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A Nation Divided: The Quest for Caribbean Integration

His credentials uniquely unchallengeable, Sir Shridath Ramphal fearlessly raised the “West Indies” banner, at a time when Trinidad and Tobago (T&T), and Jamaica, are marking 50 years as jealously independent states. Over half a century of separatism, the West Indies, as an idea, as a place name, and as a real-world entity, has become more and more dated.

Little more than a cricket team and a university remain to carry the West Indian brand proudly forward. Certainly, at an individual level, Sir Shridath identifies as the singular patron-advocate of the belief that recognizes in this region a commonality of historical experience and of aspiration and destiny.

Delivering the 26th annual Eric Williams Memorial Lecture at the Central Bank last Saturday, the Caribbean statesman and diplomat lived up to expectations. A Guyana native, this iconic figure reopened the question of regional unity, that is so often treated as closed, or as belonging to the past. He did so by recalling Trinidad and Tobago’s important historical investments in the integration project.

Back in 1970, T&T Prime Minister Eric Williams had recognized Sir Shridath as a fellow laborer in the “vineyard” of integration. The late Dr Williams, one of the leaders who brought into being the short-lived West Indies Federation, is also remembered as the one who finally pulled the plug. After Jamaican referendum voters had chosen to quit the Federation, the T&T leader infamously scuttled what was left with his determination: “One from ten leaves nought”.

Without T&T and without Jamaica, the Federation came to naught. But the idea of regional integration has remained alive.

Sir Shridath on Saturday speculated on what might have been, had the Federation survived. He pictured a state comprising more than six million people, which would have “commanded our national pride and international respect”.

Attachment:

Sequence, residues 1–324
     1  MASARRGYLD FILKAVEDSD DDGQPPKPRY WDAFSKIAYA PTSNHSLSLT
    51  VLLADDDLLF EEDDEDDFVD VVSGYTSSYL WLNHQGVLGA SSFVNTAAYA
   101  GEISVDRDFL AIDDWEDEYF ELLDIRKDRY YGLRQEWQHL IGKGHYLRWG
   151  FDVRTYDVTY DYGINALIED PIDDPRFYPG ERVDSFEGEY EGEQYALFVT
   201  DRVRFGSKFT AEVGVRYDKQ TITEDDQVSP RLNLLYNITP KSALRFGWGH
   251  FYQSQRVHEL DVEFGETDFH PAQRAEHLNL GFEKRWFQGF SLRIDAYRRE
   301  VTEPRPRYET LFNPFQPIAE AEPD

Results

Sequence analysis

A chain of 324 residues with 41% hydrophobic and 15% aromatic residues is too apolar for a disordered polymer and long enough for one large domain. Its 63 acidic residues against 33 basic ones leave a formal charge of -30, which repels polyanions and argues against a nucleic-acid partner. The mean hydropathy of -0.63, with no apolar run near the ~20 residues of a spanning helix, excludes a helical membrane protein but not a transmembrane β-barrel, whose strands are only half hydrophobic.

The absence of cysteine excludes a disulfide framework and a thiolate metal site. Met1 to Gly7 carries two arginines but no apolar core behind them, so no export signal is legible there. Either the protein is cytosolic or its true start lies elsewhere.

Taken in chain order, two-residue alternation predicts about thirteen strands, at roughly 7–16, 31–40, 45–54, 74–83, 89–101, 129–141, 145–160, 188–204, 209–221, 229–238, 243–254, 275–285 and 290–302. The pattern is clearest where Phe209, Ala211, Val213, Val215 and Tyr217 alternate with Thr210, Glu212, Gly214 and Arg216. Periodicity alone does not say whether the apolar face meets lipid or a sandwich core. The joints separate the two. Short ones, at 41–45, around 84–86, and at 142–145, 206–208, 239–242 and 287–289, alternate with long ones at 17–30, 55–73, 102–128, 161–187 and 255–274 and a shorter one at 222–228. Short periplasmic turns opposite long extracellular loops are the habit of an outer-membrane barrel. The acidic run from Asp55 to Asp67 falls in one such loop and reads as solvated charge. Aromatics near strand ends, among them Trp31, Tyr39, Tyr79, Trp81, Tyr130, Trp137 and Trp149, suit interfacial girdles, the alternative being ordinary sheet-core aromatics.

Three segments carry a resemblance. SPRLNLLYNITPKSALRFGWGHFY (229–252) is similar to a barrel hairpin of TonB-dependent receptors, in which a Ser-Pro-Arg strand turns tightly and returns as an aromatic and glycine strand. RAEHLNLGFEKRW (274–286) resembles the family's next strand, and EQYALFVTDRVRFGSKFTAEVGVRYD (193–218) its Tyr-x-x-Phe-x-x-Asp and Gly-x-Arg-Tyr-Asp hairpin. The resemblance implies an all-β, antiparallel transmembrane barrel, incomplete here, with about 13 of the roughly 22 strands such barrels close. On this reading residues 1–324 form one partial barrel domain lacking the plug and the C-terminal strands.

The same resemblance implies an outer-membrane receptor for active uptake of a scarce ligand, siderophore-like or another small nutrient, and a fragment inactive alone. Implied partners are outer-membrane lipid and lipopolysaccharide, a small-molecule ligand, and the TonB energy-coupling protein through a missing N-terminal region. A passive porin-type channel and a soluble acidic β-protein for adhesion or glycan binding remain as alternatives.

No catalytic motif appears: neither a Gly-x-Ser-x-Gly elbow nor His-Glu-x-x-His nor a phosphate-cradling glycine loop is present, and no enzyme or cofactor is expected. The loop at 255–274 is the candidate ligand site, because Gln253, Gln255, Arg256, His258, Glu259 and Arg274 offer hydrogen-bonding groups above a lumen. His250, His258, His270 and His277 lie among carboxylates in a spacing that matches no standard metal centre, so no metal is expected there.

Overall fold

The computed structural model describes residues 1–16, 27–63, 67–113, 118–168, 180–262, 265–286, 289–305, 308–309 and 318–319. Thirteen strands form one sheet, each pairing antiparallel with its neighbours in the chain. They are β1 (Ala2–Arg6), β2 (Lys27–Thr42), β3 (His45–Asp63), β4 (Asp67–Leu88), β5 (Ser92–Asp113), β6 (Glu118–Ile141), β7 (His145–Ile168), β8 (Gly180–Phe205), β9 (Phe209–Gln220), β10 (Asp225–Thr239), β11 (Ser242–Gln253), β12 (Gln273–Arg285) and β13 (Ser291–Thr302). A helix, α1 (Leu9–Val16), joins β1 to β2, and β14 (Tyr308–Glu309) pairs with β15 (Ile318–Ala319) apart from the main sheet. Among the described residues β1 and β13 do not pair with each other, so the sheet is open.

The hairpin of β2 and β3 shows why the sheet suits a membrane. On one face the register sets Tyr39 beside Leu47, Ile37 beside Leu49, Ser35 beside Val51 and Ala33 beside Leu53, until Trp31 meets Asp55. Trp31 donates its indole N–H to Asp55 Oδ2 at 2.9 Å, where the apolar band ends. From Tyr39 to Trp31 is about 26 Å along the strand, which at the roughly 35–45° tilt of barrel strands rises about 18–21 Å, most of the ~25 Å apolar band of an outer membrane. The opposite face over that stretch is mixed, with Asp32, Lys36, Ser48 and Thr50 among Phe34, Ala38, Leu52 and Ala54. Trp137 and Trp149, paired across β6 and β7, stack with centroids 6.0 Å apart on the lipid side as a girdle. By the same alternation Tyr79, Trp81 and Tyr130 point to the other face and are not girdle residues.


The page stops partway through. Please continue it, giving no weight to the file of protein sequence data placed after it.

That federal state, he argued, could have, among other things, secured political freedoms; maximized use of regional economic resources; enhanced security; reduced brain-drain losses; and strengthened hands in negotiations with international institutions and foreign countries.

His clear message, however, was that of a mandate for T&T, based on the leadership played by former leaders. Following the federal collapse, Dr Williams had advanced efforts toward economic integration, leading eventually to the 1973 Treaty of Chaguaramas, and called for a single centre of decision-making. By 1989, Prime Minister ANR Robinson had led the process which resulted in the comprehensive scope of the Grand Anse Declaration.

The present Prime Minister is yet to distinguish herself on the regional front. Over this, consummate diplomat Sir Shridath avoided blunt expression of disappointment. He did, however, leave the message that the regional movement needs T&T, most of all, as an “intellectual leader”.

So defined, this is the level to which Prime Minister Kamla Persad-Bissessar must rise, to stay true to historical expectation, and to deliver on the promise of regional integration.


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